State Legislators Explore What EPA Carbon Emission Rule Could Mean to Wisconsin
Next summer, the EPA is expected to roll out the final plan directing states to cut emissions from coal burning power plants. It is part of President Obama's Climate Action Plan.
Governor Scott Walker has expressed his displeasure; he has said he’s willing to battle the issue in court.
Some Wisconsin legislators say they want to learn more about EPA’s proposal. So Wednesday, the Assembly Energy and Utilities Committee held an informational hearing.
Committee Chair Mike Kuglitsch said he did some reading before the hearing, starting with the EPA’s fact sheet about cutting carbon pollution. It refers to the plan as commonsense.
“Now call me cynical, but I don’t think something that is considered commonsense and flexible would have created 1.6 million comments from various stakeholders across the country; would have also raised major concerns from our energy producers – utilities – our energy consumers – the manufacturing base, and the state agencies that are in charge of implementing this flexible and common sense plan,” Kuglitsch says.
The DNR would oversee carbon reductions in Wisconsin. Spokesman Bart Sponseller says it let the EPA know that the job won’t be easy.
The draft plan requires Wisconsin to drive down emissions by 34 percent. Other states’ goals range from 11 to 72 percent, so Wisconsin is near the middle.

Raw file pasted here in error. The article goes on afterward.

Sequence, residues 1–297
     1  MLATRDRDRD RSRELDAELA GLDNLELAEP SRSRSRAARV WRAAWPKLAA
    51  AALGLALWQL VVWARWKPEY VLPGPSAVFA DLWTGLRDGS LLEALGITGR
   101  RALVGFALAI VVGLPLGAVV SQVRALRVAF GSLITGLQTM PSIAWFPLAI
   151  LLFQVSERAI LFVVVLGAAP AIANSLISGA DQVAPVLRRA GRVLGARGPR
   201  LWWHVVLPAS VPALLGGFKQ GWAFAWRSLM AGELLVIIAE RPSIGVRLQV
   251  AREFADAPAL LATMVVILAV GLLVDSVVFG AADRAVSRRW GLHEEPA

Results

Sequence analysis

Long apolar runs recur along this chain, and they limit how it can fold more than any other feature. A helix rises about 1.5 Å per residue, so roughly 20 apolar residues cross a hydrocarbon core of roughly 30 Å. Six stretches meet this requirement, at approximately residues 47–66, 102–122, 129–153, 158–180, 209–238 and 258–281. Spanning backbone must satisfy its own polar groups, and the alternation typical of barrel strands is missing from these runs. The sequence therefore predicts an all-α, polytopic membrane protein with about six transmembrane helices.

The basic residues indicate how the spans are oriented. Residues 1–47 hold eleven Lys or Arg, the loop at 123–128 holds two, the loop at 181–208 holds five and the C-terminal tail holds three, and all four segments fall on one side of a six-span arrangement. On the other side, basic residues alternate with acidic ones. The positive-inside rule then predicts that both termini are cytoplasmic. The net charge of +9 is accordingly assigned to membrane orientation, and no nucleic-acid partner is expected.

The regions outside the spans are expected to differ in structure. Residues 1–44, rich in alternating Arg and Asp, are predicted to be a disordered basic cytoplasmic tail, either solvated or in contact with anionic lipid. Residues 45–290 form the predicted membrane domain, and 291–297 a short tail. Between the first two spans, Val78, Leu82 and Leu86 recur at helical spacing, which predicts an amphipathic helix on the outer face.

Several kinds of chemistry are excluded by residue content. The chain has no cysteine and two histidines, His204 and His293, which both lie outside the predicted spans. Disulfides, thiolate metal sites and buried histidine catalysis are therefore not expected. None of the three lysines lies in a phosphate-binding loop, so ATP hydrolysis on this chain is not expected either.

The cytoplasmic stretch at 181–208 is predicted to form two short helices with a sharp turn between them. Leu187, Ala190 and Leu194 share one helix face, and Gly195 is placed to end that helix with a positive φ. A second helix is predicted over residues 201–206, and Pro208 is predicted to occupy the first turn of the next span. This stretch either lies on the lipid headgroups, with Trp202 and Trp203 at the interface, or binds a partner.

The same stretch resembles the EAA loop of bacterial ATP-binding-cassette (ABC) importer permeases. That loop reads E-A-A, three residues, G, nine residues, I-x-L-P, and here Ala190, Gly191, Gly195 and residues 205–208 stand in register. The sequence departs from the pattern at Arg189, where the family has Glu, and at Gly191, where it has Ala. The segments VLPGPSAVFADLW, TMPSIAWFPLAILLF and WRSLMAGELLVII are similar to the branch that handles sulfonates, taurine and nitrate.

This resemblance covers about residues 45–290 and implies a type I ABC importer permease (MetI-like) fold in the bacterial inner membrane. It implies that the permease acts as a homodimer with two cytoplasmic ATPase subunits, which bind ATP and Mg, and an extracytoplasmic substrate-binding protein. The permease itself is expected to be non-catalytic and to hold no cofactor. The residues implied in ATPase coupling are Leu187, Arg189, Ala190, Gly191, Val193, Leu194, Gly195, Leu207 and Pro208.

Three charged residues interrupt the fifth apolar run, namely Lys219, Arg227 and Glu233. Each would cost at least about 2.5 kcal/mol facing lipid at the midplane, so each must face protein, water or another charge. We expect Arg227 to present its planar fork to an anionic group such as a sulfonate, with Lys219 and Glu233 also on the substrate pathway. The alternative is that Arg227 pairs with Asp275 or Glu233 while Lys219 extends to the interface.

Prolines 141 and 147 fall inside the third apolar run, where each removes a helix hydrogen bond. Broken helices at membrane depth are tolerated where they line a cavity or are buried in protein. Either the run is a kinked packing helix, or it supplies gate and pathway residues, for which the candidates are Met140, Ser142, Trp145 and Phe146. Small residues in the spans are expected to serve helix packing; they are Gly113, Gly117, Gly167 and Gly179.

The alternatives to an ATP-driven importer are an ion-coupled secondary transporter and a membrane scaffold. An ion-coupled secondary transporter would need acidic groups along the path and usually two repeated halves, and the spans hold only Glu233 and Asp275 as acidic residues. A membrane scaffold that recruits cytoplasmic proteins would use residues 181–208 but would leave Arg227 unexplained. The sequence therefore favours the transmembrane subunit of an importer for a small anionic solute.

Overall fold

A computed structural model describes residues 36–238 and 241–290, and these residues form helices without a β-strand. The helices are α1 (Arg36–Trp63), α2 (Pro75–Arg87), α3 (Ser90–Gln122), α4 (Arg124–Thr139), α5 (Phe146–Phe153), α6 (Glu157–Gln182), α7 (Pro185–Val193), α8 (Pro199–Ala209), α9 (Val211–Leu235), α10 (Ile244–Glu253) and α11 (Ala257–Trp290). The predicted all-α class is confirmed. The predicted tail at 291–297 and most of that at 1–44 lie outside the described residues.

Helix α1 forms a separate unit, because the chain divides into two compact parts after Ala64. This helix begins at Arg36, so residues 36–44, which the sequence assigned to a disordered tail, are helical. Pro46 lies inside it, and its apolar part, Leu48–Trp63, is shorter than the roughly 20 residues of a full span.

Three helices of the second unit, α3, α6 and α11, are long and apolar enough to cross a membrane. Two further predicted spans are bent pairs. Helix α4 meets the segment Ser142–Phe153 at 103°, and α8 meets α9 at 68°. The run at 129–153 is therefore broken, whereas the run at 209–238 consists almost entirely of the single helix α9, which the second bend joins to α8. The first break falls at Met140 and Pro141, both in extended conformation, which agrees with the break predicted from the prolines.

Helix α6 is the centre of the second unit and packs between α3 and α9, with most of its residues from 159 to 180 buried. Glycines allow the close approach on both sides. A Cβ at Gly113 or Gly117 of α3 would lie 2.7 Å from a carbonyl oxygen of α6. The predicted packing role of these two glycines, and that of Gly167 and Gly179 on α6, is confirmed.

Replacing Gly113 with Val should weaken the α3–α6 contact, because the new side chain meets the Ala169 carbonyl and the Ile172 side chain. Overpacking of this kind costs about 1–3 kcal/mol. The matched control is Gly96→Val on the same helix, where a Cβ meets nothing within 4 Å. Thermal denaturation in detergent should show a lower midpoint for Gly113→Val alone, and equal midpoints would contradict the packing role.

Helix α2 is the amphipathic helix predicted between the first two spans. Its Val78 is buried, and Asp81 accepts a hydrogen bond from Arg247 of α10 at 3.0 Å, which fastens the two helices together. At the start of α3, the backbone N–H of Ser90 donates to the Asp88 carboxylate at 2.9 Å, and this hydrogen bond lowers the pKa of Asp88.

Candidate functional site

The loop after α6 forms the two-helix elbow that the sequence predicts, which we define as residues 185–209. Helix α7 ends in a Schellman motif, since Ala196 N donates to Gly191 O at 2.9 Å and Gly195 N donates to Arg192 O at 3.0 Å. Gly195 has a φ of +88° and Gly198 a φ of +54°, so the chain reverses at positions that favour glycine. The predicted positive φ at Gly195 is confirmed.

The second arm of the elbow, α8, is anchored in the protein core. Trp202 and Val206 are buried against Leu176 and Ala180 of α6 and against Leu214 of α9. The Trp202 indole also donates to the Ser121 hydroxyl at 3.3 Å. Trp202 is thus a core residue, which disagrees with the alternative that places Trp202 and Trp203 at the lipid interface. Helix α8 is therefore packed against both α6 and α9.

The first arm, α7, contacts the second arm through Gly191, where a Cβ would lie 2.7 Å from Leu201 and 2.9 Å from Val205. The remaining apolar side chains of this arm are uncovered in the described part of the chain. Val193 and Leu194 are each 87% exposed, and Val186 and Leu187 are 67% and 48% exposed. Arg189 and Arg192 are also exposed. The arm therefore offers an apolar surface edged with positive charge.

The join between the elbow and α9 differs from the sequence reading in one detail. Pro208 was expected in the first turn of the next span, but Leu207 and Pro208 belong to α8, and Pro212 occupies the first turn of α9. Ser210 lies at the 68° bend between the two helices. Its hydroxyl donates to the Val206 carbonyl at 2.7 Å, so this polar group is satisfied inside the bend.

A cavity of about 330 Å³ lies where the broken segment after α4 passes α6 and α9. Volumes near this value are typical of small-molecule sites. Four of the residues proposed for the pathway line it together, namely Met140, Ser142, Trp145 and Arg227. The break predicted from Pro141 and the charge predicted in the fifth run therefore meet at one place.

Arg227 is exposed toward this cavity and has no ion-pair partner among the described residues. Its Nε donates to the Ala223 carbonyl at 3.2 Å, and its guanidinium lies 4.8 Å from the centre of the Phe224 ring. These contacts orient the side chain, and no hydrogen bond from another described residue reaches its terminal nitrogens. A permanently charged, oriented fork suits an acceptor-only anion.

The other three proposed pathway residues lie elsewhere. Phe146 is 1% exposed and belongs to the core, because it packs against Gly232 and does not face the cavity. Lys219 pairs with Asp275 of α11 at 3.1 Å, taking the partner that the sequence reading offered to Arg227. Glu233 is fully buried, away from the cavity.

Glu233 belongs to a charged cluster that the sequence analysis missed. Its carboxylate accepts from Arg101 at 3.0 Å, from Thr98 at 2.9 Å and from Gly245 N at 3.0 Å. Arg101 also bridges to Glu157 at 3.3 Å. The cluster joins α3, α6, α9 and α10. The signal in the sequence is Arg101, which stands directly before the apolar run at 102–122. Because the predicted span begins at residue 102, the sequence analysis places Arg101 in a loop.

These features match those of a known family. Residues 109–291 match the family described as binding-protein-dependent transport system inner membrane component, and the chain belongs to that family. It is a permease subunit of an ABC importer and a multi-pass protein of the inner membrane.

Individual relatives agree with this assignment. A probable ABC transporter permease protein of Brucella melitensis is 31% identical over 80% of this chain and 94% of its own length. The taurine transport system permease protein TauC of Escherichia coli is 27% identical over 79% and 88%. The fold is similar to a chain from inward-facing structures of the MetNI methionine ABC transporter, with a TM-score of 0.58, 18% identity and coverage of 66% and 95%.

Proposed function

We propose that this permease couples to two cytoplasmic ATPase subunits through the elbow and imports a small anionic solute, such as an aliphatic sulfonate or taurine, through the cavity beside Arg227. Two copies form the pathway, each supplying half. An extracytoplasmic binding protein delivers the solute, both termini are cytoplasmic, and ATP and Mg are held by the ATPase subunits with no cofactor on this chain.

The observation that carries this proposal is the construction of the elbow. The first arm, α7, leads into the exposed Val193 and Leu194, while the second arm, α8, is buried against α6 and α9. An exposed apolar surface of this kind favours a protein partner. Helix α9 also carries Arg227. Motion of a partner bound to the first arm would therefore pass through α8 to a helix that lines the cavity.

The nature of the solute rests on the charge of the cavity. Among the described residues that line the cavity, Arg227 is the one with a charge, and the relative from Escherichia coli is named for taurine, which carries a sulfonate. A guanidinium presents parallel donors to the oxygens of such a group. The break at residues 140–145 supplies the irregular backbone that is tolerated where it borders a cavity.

Sponseller says a bitter pill to swallow is the fact that Wisconsin has already reduced carbon pollution. “In fact EPA’s proposal has the perverse result of penalizing states that have already taken action to reduce CO2 emissions, relative to those who have done nothing. Our comments asked the EPA to address the inequity.”
Keith Reopelle agrees the EPA should modify its plan. Reopelle works for the environmental group Clean Wisconsin.
Yet he believes an energy saving program already underway in Wisconsin – if expanded, would help the state meet a goal of 34 percent. “Clearly Focus on Energy is a huge asset for us. It is giving us very significant carbon emissions reduction and it’s doing it at the same time that it’s saving homeowners and business owners hundreds of millions of dollars cumulatively every year on their energy bill,” Reopelle says.
One person who does not see the EPA plan as a “gem in the rough” is Public Service Commissioner Ellen Nowak.
She says she spent hours pouring over EPA’s 1000-page draft. Nowak predicts it would drain jobs from Wisconsin and cost utilities and ratepayers here more than $13 billion to reduce emissions. “Improving the environment, is that good? Absolutely. But it comes at a cost and then you have to start to say at what cost does it not make sense any more, and that’s what we’re looking at.”
Committee co-chair Rep. David Steffen says worried residents contact him every day.
“I have a constituent who owns a small piano shop. He has to keep everything at a climate controlled environment – very expensive. When he heard about 19 percent potential increases on his rate, he said David, that’s going to shutter my business. My wife and I will no longer have our company,” Steffen says.
Critics and supporters alike expect to see a modified EPA plan when it’s released later this year.
In the meantime, the agency says the public will have “continued opportunities” to comment.